Developed in Europe in the 1990s, Terrestrial Trunked Radio (TETRA) is a system for managing digital mobile communications for emergency services. The system serves as a standard for building critical Professional Mobile Radio (PMR) networks. But as technology evolves and new applications arise—such as the mass migration to IP protocols—these networks must contend with escalating cyberthreats.
PMR: critical communication networks
The PMR networks that we’re referring to here have a very simple definition: they are the networks that must keep going when everything else is going wrong. Their primary users are emergency services, such as firefighters, ambulances, hospitals, doctors, the police and airports. These services must be able to communicate, either internally or with each other, as part of a joint operation led by a prefecture or government task force.
These types of networks are also found in sensitive industrial infrastructures, such as refineries. “The common denominator is the major issue of public security”, explains Dominique Allietta, Stormshield Project Manager. “It may have something to do with an emergency, such as a bus crash, or with the ability to communicate in places where public infrastructure doesn’t even exist, such as an offshore platform”, he adds.
As such, PMR networks are used in any situation that carries a risk for human safety—from the transportation sector (metros, trains, etc.) to entertainment venues (amusement parks, stadiums, etc.). In such a situation, relying on a defective telephone antenna would be unsafe and ineffective. PMR networks may be deployed permanently or temporarily, e.g. for a special event. Service continuity is therefore critical for these networks. For example, the PMR system used by the Belgian police force, which is run by an entity known as Astrid, found itself completely overwhelmed during the Brussels terror attacks in March 2016. At the time, the size of the infrastructure wasn’t designed to absorb the spike in activity caused by this exceptional situation. In order to conduct rescue operations, they were forced to communicate via the Whatsapp application.
Another feature that sets these networks apart is that confidentiality of communications is more critical for them than for other networks. The information exchanged via these networks is sometimes subject to the kind of clearance levels seen in the defence industry, meaning that more stringent operational requirements are needed. “The challenges therefore have as much to do with stability of communication as they do with maintaining the integrity of the information transmitted”, notes Dominique Allietta.
Novel applications that increase cyber risks
Little by little, PMR networks are migrating to more modern and efficient architectures that rely on the IP protocol. This trend exposes next-generation PMR networks to “classic” cyber risks (data manipulation, breaches, leaks, etc.). It is therefore essential to strengthen authentication and encryption.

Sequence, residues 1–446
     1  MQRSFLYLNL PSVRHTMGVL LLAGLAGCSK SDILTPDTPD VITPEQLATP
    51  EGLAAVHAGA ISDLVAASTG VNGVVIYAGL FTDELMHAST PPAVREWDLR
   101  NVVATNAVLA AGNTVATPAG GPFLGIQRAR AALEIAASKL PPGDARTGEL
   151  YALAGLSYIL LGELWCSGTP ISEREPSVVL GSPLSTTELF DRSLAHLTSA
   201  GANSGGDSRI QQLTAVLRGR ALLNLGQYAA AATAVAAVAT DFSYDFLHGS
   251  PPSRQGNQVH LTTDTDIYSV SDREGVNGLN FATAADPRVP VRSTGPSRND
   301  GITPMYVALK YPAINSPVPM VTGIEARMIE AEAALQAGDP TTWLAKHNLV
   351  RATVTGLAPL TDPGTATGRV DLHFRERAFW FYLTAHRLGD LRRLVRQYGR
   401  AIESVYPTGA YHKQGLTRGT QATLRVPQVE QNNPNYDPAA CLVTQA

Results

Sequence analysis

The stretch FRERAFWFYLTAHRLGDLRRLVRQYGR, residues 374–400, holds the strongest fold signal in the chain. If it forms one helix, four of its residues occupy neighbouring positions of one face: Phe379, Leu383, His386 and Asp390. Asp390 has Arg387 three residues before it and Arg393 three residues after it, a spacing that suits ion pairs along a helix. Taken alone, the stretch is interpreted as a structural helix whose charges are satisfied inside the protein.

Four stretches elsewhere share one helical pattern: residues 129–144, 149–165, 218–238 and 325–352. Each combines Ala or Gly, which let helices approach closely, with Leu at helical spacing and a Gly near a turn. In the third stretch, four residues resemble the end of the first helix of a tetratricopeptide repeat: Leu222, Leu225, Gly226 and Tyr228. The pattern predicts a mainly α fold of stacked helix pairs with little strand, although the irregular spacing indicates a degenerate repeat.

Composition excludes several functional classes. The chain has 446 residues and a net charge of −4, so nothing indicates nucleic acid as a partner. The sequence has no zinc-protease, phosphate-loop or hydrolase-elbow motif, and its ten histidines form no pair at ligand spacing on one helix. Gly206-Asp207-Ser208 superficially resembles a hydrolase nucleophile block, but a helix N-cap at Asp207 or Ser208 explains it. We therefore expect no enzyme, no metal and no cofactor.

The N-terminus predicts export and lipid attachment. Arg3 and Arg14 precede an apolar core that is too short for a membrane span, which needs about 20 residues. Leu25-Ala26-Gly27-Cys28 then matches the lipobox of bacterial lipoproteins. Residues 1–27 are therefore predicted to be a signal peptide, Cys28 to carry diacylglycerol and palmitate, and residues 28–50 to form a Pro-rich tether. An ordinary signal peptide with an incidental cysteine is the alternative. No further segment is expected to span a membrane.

Integrating the much more standard IP protocol creates new vulnerabilitiesDominique Allietta, Stormshield Project Manager
At the same time, several other factors have further eroded their defences over the last few years:
- Application data
In addition to voice and low bit-rate data, such as SMSs or geolocation data, PMR users need to exchange photos and videos or use applications. This allows for more effective organisation when managing a crisis.
- The development of hybrid solutions
In order to meet these emerging needs, current solutions have incorporated PMR networks into high-speed communication solutions on commercial networks (i.e. 4G, and soon 5G).
“We need to ensure that all of these actors can securely communicate with each other, including OESs and municipal police forces, for example. As the Olympics approach, this aspect is not only crucial, but must also contend with the extraordinary scale of the event and the thousands of professionals who will be involved in security”, explains Eric Davalo, Head of Strategic Development at Airbus Secure Land Communications, in an article in a French magazine. At the 2008 Olympics, “80,000 first responders were using the PMR network at the time.”
How can we protect PMR networks in this context?
As it turns out, then, protecting PMR networks is no simple matter. In order to reach a PMR network from a simple IT network, you need more advanced resources than what traditional pirates use. As a result, there is a higher risk of sophisticated attacks. It is possible, for example, to intercept and alter data travelling via the PMR network, and thereby provide false information.
As such, organisations or businesses that use PMR networks may be classified as Operators of Essential Services (OESs) in the EU, requiring them to use certified or qualified security products.
While PMR services on 4G networks are still being standardised, 5G is practically there, ready to become the standard for commercial applications. To stay in the game, then, every actor (operators and customers alike) will need to be on the same page when it comes to the future of these infrastructures—as well as the technological advancements that could increase the capacity of these networks. For example, at higher speeds, there is likely to be a greater amount of critical information flowing through these systems, making it even more critical than it is today. “Anticipate” and “secure” will be the watchwords for ensuring these new technologies do not introduce any new weaknesses.